Often when people think of addiction recovery, they think of 12-step programs such as Alcoholics Anonymous or Narcotics Anonymous. These organizations have long histories of helping members with addiction, but they're not right for everyone. Fortunately, there are several different options for support beyond AA or NA that may be a better fit.
The following groups are focused on abstinence as the goal and use evidence-based methods for achieving sobriety:
Women for Sobriety
The founder of Women for Sobriety believed that approaching addiction recovery for women required a different approach compared to men. The WFS philosophy focuses on self-empowerment, self-worth, and emotional growth. There is a lot of emphasis on replacing negative, self-destructive thoughts with positive, self-affirming thoughts.
SMART Recovery may be one of the most widely known science-based, self-empowering recovery groups. It addresses maintaining motivation, dealing with urges, living a balanced life, and managing thoughts, feelings, and behaviors. SMART Recovery offers face-to-face meetings as well as online resources such as online meetings, chat rooms, and message boards.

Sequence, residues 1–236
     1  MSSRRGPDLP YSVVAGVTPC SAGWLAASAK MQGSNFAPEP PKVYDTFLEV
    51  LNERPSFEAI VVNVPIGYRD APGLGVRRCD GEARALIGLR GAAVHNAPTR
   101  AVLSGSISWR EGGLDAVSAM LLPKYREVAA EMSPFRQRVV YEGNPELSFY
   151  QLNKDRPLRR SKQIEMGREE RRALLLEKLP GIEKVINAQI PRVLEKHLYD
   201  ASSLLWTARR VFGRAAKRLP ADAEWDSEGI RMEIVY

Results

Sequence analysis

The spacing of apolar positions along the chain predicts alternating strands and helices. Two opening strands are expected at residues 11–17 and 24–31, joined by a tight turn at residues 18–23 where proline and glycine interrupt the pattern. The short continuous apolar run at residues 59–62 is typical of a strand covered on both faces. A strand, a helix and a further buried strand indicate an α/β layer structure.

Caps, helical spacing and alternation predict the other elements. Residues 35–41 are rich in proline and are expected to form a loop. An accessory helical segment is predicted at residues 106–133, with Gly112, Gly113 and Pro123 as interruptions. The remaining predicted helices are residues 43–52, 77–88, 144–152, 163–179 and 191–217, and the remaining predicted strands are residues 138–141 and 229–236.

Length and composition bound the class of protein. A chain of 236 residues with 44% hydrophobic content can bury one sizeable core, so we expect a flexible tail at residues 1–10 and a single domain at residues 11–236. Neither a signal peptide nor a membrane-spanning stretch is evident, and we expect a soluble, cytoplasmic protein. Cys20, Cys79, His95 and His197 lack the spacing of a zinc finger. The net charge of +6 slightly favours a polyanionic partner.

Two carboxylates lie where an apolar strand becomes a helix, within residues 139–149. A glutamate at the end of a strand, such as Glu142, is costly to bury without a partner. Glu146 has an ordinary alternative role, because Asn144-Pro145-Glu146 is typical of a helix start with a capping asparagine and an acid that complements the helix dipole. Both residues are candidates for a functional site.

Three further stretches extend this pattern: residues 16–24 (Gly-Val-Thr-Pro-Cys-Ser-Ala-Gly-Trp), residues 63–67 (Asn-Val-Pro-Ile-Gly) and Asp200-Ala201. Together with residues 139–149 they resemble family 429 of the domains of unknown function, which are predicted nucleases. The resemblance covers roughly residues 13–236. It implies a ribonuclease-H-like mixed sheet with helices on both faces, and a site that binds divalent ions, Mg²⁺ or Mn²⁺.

Secular Organizations For Sobriety
Many people suffering from addiction may not feel comfortable with surrendering to a "higher power" as often emphasized at AA meetings. Secular Organizations For Sobriety offers an alternative that focuses on self-reliance and personal responsibility. It provides a way to deal with addiction completely independent from any religious or spiritual beliefs.
LifeRing Secular Recovery
LifeRing Secular Recovery grew out of the Secular Organizations For Sobriety due to a difference of opinion on organizational structure. LSR believes recovery depends on the individual's own motivation and efforts, and supports sobriety, secularity, and self-help.
Rational Recovery aims to provide the mental tools needed for permanent sobriety. Its goal is to offer counseling, guidance, and direct instruction to individuals struggling with an inner "addictive voice."
If Alcoholics Anonymous or Narcotics Anonymous aren't a good fit for you or someone you know, there are effective alternative options to choose from. Remember, 12-step programs are support groups, not professional treatment. If you or someone you know is struggling with addiction, make sure to seek professional help as well as peer support to increase the chance of success.